Rajesh Parameswaran’s ‘The Infamous Bengal Ming’ is one of the highlights of Granta’s Horror issue. Told from the perspective of a well-intentioned but bloodthirsty tiger on the loose from a zoo, the piece is a masterful feat of storytelling: shocking, funny, entertaining and poignant all at once. Parameswaran’s other stories – which have appeared in McSweeney’s, Zoetrope and The Best American Magazine Writing – are just as original and unforgettable. Now they’ve been collected and published together in I Am an Executioner: Love Stories. He answers questions for Granta’s Yuka Igarashi about his exciting debut.
YI: The settings and points of view in these stories are fantastically varied. One takes place in turn-of-the century India, another in the Andromeda Galaxy in the year AD 2319. What struck me, though, were the themes that repeated across these stories. I think they explore the gap between intentions and effect: we all mean well, but cause incredible harm anyway. How aware were you, as you were writing, of recurring motifs?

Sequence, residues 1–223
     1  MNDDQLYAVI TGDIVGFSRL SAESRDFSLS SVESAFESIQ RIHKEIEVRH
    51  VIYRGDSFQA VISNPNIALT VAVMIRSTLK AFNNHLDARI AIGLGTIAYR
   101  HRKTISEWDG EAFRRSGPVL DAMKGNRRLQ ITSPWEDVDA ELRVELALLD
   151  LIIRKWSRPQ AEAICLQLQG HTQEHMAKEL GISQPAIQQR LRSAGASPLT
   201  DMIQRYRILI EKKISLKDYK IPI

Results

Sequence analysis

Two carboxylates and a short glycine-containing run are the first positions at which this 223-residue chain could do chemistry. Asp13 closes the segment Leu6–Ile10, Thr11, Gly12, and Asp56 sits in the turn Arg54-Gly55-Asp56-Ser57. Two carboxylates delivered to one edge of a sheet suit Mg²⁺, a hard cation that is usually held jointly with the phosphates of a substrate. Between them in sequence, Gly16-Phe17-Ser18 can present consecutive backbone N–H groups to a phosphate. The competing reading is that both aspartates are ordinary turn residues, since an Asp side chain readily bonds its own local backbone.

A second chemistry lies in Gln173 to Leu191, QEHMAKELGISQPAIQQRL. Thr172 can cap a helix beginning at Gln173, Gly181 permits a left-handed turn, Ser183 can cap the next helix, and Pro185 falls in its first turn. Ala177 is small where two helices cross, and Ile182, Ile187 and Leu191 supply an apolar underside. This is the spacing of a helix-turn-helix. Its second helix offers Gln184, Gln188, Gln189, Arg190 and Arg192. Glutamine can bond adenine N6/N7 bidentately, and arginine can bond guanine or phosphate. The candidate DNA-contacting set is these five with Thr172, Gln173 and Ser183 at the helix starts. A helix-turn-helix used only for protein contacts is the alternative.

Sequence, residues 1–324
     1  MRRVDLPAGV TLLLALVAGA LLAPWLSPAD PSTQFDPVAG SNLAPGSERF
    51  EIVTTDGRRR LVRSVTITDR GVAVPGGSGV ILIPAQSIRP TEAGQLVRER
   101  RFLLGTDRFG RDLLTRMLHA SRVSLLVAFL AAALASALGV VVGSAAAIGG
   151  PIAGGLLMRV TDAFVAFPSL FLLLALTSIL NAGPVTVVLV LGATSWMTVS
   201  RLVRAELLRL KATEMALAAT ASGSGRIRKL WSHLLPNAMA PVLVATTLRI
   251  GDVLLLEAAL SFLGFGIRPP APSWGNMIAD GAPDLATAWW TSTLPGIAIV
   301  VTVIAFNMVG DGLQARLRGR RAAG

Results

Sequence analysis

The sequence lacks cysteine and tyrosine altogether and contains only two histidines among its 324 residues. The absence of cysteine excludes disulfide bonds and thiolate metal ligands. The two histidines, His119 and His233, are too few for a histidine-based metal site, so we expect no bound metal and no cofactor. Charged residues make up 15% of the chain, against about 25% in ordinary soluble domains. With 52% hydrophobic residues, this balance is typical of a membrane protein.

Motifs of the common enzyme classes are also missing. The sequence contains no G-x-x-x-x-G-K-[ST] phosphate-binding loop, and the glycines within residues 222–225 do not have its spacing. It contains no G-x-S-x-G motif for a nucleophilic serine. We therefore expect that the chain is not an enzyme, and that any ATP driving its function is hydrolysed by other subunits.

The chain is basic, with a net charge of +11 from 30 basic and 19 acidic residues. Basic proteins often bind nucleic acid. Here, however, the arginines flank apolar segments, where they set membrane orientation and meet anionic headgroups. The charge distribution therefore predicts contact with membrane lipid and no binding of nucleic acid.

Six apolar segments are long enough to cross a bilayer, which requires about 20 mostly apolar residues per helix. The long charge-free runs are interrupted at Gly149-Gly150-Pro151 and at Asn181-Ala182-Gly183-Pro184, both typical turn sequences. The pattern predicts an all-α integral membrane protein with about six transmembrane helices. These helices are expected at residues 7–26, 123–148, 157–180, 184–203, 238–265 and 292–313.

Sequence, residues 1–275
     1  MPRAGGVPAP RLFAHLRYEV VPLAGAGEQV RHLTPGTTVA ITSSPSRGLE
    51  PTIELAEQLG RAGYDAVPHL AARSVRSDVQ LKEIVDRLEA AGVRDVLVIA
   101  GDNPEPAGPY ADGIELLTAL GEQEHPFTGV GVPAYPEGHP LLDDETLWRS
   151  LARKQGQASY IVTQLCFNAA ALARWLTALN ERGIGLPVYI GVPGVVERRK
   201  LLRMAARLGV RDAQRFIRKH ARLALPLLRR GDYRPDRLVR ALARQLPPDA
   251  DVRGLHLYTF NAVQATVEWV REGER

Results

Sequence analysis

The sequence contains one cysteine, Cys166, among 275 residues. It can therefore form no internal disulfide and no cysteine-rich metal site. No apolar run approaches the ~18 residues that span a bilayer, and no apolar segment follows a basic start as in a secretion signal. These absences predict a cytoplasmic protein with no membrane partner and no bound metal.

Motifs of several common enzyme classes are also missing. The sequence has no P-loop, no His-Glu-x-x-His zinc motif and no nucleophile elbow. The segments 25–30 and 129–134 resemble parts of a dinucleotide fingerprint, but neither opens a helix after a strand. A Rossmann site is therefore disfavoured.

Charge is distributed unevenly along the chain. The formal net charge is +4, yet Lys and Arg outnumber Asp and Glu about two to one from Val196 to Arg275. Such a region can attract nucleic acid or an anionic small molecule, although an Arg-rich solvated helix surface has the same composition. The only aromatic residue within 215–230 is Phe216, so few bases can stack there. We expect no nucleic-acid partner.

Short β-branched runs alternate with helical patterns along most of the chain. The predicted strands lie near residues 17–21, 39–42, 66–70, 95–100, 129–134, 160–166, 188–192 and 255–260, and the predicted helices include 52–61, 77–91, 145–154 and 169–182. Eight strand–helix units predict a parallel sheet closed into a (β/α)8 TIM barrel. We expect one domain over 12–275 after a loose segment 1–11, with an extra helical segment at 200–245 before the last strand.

RP: This question reminds me of that Borges parable: ‘A man sets himself the task of portraying the world. Through the years he peoples a space with images of provinces, kingdoms, mountains, bays, ships, islands, fishes, rooms, instruments, stars, horses, and people. Shortly before his death, he discovers that that patient labyrinth of lines traces the image of his face.’ This parable seems to suggest that if you are inclined towards certain themes, it is difficult to avoid them, regardless of your intentions.
These are tales of longing and devotion that just happen to include maulings, a botched surgery, stoning and impaling. What compels you to mix love with gore?
To be honest, I didn’t know these were going to be ‘love stories’ or that they were going to tilt towards violence until I’d finished them. I could tell you that love and violence are basic forces interwoven through all of nature and human affairs, and that’s why I mix the two – but to some degree I’d be approaching your question retrospectively, as a reader, so you should take that answer with a grain of salt.